I happened to be downtown in Montpelier a few days ago, when some young people, taking their cues from Extinction Rebellion, shut down our main crossroads for a bit.
They were polite and direct in their demands that all of us need to recognize how much disruption we are about to experience from the climate crisis. These engaged youth had the effrontery to disrupt the downtown traffic for a brief period. Motorists demanded that they, “Get out of the road!”
This interruption of normal commerce and traffic was critical to the young protesters’ goal of announcing and promoting the Sept 20 Climate Strike. This nationwide event will include more serious disruptions to our “Business as Usual” approach to the climate crisis. Listening to the concerns and demands of these youth, I was struck by the clarity of their understanding and the sophistication of their approach.
Both a Times Argus article and an editorial on this protest gave due notice of the frustration of those who thought they had the right to pass through town unobstructed. It was clear that these disrupted travelers completely missed the message of this protest. But then, most people still miss the message.
Sure, it’s impolite to close the streets. But our best scientists are telling us that our probable future, radically damaged by the climate crisis, is going to be a lot more disrupted and impolite. That damaged future is being forced on these young people, and it is one they would just as soon rather not inhabit.
This is the rub of our current moment. There is no nice and polite way of avoiding the arc of disaster, along which we are heedlessly rushing.
I was impressed with the understanding these youngsters displayed talking about an economic disaster along with a climate disaster. And, yes, the more damage and disruption the climate crisis brings, the more our current economy will experience failure in so many ways. There is one school of thought, offered by the comedian Bill Maher, that an economic collapse is the only thing that will save us.
We must recognize that our climate destruction necessarily grows out of an economy that depends on “growth.” Our economy demands constantly more consumption, more debt, and, yes, more carbon pollution to keep its wheels turning.
Afraid that disruptive economic changes were immanent and being good 21st century American believers in progress, our leaders convinced us that such a terrible future is unthinkable.
No worries, our clever engineers are going to figure out technical fixes to avoid disaster. Magic technologies would come along to clean the atmosphere. We were told that all we had to do was become greener consumers, with reusable shopping bags and demand solar power. Things will even get better still if we all would just drive electric cars and switch to a vegan diet. Sadly, even if the green do-gooders make the right choices, it’s going to be too little too late.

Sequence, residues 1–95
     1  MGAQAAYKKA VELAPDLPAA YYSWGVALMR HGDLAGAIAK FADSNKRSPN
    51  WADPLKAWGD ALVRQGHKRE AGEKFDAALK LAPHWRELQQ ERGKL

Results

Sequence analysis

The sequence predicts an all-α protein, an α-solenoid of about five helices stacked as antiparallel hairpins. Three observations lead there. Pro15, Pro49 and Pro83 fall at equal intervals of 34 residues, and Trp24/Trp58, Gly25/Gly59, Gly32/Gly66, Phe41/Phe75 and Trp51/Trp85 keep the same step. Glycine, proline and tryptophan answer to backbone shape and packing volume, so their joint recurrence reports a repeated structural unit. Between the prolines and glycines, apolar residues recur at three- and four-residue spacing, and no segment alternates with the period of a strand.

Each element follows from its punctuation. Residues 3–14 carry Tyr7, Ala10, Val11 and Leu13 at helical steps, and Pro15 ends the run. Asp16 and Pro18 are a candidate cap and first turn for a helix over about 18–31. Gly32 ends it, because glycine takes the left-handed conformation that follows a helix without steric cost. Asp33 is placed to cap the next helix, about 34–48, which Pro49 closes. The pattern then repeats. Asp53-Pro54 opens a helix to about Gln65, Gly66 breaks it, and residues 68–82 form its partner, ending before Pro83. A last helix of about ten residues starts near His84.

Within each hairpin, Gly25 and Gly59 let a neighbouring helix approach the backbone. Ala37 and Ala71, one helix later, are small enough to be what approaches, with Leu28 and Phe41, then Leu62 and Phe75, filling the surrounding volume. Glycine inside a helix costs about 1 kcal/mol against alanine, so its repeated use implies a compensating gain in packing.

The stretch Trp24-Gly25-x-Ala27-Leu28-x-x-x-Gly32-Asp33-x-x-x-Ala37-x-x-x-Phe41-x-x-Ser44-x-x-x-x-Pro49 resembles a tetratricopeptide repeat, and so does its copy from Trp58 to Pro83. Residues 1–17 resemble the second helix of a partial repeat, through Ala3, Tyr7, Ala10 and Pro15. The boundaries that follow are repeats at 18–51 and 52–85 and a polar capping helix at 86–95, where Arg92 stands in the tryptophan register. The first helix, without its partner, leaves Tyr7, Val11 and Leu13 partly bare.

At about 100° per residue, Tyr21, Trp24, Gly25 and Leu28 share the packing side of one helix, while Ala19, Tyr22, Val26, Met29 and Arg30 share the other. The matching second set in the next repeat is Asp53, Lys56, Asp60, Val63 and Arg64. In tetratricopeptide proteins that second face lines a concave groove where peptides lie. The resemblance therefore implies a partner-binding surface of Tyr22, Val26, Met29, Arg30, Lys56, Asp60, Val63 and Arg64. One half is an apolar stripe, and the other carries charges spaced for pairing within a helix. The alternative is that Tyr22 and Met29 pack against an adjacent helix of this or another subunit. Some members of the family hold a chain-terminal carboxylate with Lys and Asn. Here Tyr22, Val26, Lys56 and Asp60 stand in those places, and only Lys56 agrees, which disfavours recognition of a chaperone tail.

Creating change through consumer choices is the core of our economic beliefs. This is fine as long as we continue to delude ourselves. We can ignore the laws of physics that will limit the capacity of new massive machines to economically clean the atmosphere.
This is not to say that technologies might be created to counter the carbon pollution just not in the 10 years we have left to stop reaching the tipping point projected in most crisis scenarios. The sad truth is that we cannot save the climate with our current, consumption based, economic system, and that is part of the crisis looming over our youth.
Then our young protesters noted another hugely disruptive thought. Our education system is not giving them the tools to survive in a climate- changed future.
Like our economic assumptions, we view education needs through a rear-view mirror. What worked in the past is what we agree people need to be trained for in the future. But life in an overheated world with constant weather and financial emergencies will radically disrupt our food systems, our infrastructure and our technologies. We need to join the youth in re-thinking our schooling to stress adaptation and security in this emerging emergency scenario.
All over our state our local schools demand the bulk of our taxes, yet we continue to train people for life in a technological, consumerist society. Current education is a tool for that perpetuating the very system creating the climate crisis.
These wonderful youth, taking to the streets are asking us to stop our headlong rush to destruction. They are reminding us all that we must disrupt our comfortable assumptions. They are demanding we have a vigorous public dialogue on how we build a future in which these children and theirs can live in a future with a modicum of security and civility. It’s a discussion that has to happen now.
Dan Jones lives in Montpelier.